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[Case Study] Why Don't I Like Money?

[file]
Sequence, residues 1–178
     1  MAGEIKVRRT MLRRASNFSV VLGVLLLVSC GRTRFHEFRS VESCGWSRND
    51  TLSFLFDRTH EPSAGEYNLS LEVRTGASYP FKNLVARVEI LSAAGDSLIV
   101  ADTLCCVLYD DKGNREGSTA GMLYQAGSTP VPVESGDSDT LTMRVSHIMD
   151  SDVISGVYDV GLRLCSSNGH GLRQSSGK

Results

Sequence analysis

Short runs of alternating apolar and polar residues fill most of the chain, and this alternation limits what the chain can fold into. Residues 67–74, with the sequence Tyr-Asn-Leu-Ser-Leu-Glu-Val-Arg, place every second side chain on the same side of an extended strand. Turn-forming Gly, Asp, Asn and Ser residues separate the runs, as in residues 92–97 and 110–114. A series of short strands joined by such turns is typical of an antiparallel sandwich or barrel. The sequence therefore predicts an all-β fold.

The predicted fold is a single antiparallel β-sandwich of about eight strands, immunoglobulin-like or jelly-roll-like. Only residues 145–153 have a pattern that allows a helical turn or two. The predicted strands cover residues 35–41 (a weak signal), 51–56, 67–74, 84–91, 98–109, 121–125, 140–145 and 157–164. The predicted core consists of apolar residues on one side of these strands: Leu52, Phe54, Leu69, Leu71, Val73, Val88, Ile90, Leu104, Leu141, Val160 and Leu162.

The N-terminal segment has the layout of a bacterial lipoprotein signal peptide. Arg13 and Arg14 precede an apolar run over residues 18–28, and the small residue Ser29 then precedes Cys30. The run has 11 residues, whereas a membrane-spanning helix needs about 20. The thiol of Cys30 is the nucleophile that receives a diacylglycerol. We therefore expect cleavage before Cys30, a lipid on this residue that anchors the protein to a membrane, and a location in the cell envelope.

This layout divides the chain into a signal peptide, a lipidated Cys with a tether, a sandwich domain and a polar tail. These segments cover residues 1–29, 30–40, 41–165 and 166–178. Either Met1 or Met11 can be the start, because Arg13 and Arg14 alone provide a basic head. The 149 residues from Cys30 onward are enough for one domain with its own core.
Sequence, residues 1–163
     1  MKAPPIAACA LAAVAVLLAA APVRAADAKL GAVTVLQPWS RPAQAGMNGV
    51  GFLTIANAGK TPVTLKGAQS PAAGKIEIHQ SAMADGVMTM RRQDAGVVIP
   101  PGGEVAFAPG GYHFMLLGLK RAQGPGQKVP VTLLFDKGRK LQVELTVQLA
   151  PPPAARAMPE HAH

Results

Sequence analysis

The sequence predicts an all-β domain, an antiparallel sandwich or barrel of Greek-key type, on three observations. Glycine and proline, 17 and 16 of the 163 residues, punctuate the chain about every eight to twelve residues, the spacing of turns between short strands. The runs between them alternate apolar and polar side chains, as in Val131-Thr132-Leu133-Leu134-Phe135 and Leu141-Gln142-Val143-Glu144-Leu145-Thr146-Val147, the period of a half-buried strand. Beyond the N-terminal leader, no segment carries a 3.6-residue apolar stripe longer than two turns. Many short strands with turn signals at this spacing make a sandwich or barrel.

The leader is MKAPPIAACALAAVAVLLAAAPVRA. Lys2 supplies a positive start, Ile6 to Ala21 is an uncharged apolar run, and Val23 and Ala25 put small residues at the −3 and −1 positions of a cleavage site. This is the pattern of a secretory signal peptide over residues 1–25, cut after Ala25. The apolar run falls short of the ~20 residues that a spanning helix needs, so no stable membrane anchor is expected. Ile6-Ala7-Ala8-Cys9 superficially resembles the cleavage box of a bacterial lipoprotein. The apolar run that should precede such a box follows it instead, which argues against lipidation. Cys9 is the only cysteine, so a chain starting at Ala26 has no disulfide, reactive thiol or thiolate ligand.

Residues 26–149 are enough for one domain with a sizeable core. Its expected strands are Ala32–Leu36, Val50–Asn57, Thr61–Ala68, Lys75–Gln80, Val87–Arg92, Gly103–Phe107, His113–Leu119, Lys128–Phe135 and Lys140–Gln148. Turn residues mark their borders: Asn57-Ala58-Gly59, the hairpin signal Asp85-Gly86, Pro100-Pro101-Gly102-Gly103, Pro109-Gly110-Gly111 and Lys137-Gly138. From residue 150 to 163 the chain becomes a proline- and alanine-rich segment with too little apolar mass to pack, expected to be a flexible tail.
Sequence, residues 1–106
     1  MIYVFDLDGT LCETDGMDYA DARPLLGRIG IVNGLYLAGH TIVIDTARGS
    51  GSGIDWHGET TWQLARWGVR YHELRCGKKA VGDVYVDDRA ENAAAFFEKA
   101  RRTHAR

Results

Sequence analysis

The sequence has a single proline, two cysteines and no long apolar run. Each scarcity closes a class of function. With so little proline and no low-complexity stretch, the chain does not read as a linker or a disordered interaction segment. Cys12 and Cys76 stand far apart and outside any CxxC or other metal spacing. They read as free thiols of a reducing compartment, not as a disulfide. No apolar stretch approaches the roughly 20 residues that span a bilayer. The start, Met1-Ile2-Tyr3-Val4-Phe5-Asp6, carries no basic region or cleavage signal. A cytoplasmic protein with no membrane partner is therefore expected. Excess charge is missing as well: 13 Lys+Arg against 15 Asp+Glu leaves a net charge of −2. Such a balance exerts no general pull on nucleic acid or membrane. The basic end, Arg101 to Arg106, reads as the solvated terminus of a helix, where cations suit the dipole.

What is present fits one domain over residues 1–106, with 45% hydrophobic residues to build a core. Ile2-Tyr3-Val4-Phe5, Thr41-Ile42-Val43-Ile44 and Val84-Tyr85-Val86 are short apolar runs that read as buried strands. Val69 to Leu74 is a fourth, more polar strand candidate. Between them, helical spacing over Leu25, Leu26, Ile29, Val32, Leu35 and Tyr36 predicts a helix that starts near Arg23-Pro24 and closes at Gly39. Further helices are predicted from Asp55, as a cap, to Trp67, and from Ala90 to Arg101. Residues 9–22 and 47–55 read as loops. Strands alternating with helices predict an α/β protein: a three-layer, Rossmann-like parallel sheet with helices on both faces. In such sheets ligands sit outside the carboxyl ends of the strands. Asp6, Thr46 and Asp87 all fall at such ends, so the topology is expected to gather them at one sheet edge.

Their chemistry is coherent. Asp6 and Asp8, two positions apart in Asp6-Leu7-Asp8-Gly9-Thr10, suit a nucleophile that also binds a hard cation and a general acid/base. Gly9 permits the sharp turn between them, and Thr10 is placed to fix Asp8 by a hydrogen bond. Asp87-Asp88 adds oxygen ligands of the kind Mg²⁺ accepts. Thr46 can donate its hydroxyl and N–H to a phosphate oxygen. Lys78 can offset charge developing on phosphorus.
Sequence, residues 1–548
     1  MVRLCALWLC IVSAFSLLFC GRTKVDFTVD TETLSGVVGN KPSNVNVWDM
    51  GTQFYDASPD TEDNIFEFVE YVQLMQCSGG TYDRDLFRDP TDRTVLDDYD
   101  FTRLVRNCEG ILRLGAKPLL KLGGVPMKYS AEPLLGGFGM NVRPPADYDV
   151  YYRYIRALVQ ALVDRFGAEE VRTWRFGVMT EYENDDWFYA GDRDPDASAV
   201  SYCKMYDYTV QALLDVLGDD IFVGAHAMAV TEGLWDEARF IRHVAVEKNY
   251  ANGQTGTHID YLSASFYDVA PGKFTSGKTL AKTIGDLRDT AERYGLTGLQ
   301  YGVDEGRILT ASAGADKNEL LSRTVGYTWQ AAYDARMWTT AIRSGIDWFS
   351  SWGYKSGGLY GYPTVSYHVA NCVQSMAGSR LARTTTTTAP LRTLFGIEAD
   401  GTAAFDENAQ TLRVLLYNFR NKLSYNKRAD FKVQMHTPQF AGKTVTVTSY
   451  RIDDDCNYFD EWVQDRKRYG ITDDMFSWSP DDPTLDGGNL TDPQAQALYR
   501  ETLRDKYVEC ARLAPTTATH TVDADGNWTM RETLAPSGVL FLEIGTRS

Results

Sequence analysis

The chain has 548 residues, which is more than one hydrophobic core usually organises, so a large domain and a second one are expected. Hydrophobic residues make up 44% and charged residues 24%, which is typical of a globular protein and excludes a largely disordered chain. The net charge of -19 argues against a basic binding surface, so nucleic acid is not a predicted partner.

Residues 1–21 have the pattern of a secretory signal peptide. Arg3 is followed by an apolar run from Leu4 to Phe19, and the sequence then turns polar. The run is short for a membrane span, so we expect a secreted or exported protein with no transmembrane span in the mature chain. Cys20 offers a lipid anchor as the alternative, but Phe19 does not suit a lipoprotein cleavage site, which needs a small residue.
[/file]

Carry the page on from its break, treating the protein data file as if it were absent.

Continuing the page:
Why don't I like money? There are people around us who cannot resist the urge to spend money. Once they have it, they unconsciously and uncontrollably let it slip away. Some even dislike money so much that they intentionally squander it all. For these people, their relationship with money often veers toward another extreme, one they may not even recognize or acknowledge. What is causing these people to "dislike money"? What are the underlying reasons behind these behaviors?  [Case Study] Meet Yuxia, who finds herself constantly compelled to spend money on others. She doesn’t understand why. When her brother bought a house, she spent hundreds of thousands on him. The same for her brother's children. She feels she dislikes money and always wants to spend it all. But she doesn’t spend it on herself most of the time. So, what happened between her and money? What's the dynamic at play here between her and money? In exploring the relationship between "Yuxia" and "Money," we uncover intriguing insights. Yuxia's representative senses a significant barrier between herself and money, while the representative of money feels stressful, and a reluctance to be close to Yuxia. Teacher Chou Ting Wen asked Yuxia, "How's your relationship with your mother?" She replied that she and her mother had a good relationship; thus, when her mother passed away, she was devastated. Then, she talked about her mother's passing. Her mother was a Christian during her lifetime, but after her death, the family decided on a Buddhist funeral ritual. "Why?" Teacher Chou asked, confused. "Because my grandfather was a Buddhist. Before my mother passed away, their conflicting religious beliefs led to severe conflicts and estrangement. I eventually convinced the family to choose the Buddhist ritual, hoping it would bring reconciliation between my mother and grandfather.” Evidently, out of her love for her mom, Yuxia has taken on a lot of responsibility for her mom. She even subconsciously carried the cross that was on her mother's back. She wants to save their big family in place of her mother, and so, Yuxia has always been spending money for her family,”  Teacher Chou explained. We can offer support and help, but we must also grasp the wisdom of giving without holding onto the need to rescue others. Moreover, we must learn to live for ourselves, to live our own brilliance. Yuxia said that if she doesn't help her family, and doesn't provide them with financial support, she would feel a heavy sense of guilt. Yes, it's this guilt that we must bravely carry, maintaining our economic and spiritual independence and freedom. That's growth; that's mature love. We cannot burden ourselves with others' responsibilities because of our guilt, depriving them of the chance to grow. (Names in the text have been changed for anonymity. Snippet from a workshop led by Teacher Chou Ting Wen.)


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